Setting the table for a powerful thinking method

This method of addressing problems  and situations is very effective  and powerful. It really isn’t that complicated, but it takes practice, and mindfulness, which I touched on in my last post.  

 Even harder is actually getting agreement with the other people involved that you are going to use the method, in other words, you have to be able to negotiate well.

So  here it is:

Six Thinking Hats® is a simple, effective parallel thinking process that helps people be more productive, focused, and mindfully involved. And once learned, the tools can be applied immediately!

 You and your team members can learn how to separate thinking into six clear functions and roles. Each thinking role is identified with a colored symbolic “thinking hat.” By mentally wearing and switching “hats,” you can easily focus or redirect thoughts, the conversation, or the meeting.

white hat The White Hat calls for information known or needed. “The facts, just the facts.”
yellow hat The Yellow Hat symbolizes brightness and optimism. Under this hat you explore the positives and probe for value and benefit.
black hat The Black Hat is judgment – the devil’s advocate or why something may not work. Spot the difficulties and dangers; where things might go wrong. Probably the most powerful and useful of the Hats but a problem if overused.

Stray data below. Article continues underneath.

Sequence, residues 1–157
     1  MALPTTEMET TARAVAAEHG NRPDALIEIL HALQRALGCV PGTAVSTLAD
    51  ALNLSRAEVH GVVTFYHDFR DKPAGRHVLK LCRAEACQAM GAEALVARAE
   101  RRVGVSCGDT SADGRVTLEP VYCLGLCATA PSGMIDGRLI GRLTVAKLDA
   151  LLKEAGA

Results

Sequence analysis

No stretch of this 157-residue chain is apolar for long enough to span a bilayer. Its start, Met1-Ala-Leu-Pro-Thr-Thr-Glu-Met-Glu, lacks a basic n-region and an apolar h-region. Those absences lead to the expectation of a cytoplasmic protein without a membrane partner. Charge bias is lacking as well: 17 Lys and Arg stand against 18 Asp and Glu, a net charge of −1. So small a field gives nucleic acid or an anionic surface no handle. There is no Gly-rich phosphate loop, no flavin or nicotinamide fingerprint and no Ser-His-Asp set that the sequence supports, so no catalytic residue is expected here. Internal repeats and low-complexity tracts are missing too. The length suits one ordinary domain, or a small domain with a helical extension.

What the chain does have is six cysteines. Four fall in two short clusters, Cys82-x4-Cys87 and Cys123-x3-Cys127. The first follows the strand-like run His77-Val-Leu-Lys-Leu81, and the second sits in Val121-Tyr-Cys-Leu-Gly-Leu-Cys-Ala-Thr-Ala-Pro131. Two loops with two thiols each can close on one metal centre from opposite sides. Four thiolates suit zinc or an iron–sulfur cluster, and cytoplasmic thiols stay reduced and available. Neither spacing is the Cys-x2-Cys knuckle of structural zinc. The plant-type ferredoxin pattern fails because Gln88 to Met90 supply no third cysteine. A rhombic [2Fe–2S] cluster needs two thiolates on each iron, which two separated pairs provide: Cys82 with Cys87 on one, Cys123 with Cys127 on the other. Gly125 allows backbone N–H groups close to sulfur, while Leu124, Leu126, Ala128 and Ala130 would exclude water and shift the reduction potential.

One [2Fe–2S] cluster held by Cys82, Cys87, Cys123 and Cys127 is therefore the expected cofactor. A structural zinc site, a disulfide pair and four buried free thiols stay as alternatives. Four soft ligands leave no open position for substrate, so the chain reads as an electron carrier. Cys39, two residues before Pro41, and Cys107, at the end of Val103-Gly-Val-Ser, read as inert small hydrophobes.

red hat The Red Hat signifies feelings, hunches and intuition. When using this hat you can express emotions and feelings and share fears, likes, dislikes, loves, and hates.
green hat The Green Hat focuses on creativity; the possibilities, alternatives, and new ideas. It’s an opportunity to express new concepts and new perceptions.
blue hat The Blue Hat is used to manage the thinking process. It’s the control mechanism that ensures the Six Thinking Hats® guidelines are observed.

  One way to implement this that I actually haven’t tried is to listen for what hat someone has on as you listen to them. This will require you to have your blue hat on. You can put on the hat that they have on and roll with it. If they switch hats, you can switch with them. At a certain point, if you’d like them to try a hat that they haven’t yet, you can ask them if they’d be willing. If you have been a good listener, they are more likely to do so than if you hav just been debating with them or listening passively.


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